“The project has enabled real transformational change and resulted in new curriculum design processes and also considered the pedagogy.”

“This project does everything!”

“Greatest range of beneficiaries. Simplifies processes and promotes deeper consideration of learning and teaching.”

JISC voting slips

Reflections on Project Management Methodologies

In previous posts you will have heard how our approach to project management and business analysis has changed over the past 18 months. This post aims to give an update to readers about current T-SPARC project management methodologies.

When I initially started with T-SPARC I felt that it was important to make process mapping work for the relevant stakeholders groups. At the time that meant internal staff that we were consulting with on their views of current process, the hurdles they face through the lived experience of curriculum design any their opinions on how processes could be improved. Convoluting university processes with complex system diagrams didn’t seem appropriate, so we opted for a softer, user-friendly approach with relatively simple swim-lane diagrams. These were purposely designed to be easily interpreted by members of staff being consulted. It was during this process that we realised the process maps weren’t there just to communicate processes, but to encourage dialogue between stakeholders.

The next stage was defining the business requirements for the proposed new processes. From the information gathered during the stakeholder engagement events (including the multimedia review that was conducted during 2009), a vision of the new processes was developed that detailed how Microsoft SharePoint would be used to augment the new course design and approval processes.

The project then employed a SharePoint software developer as a contractor to work on the project alongside existing university staff to add capacity. At this point we had used PRINCE2 as a project management methodology with varying levels of success. Things such as the management structure, risk register, issue log and work package protocol were defined to PRINCE2 standards, but our CICT department felt that this project management style would not suit the [rapid] development of the new SharePoint infrastructure. Collectively, CICT and T-SPARC felt that a new approach should be sought to allow the iterative and ongoing development of the workflows. Agile (Scrum) methodology had been looked at by our CICT department in the past and used by members of their team and a decision was made to manage the T-SPARC SharePoint development using Agile methodology.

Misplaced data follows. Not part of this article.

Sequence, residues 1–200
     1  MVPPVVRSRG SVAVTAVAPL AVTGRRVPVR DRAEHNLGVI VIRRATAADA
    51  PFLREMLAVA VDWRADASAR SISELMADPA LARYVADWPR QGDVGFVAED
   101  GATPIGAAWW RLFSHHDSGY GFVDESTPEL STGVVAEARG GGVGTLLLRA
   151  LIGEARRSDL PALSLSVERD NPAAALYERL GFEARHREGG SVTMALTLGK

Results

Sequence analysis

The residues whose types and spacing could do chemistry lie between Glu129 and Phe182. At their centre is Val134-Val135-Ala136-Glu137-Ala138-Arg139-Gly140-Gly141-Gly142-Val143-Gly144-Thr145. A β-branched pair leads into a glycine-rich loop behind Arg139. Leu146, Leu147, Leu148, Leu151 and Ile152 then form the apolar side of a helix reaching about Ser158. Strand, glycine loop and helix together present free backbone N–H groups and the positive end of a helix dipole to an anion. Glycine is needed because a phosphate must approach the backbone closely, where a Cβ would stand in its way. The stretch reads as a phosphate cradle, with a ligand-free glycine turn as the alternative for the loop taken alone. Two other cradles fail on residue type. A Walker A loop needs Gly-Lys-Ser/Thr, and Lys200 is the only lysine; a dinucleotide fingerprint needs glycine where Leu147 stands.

Agile allows for regular ‘Sprint’ meetings where developers, business analysts and project manager(s) evaluate previous Sprints, and define the next ones. A Sprint is a series of objectives that must be achieved to produce the next iteration of the software (or product). This approach allows a series of prototypes to be designed and tested on an ongoing basis, this in turn allows functionality to be defined iteratively and gives project teams the ability to test each iteration of the software with users and feed back to developers to add to the next Sprint for implementation and then further testing.

In addition to the regular Sprint meetings, Agile allows for daily ‘Scrum’ meetings where developers and BA’s (business analysts) meet to discuss the previous days progress, and targets for the current day. This approach has led to the rapid development and rapid integration of new features into the system.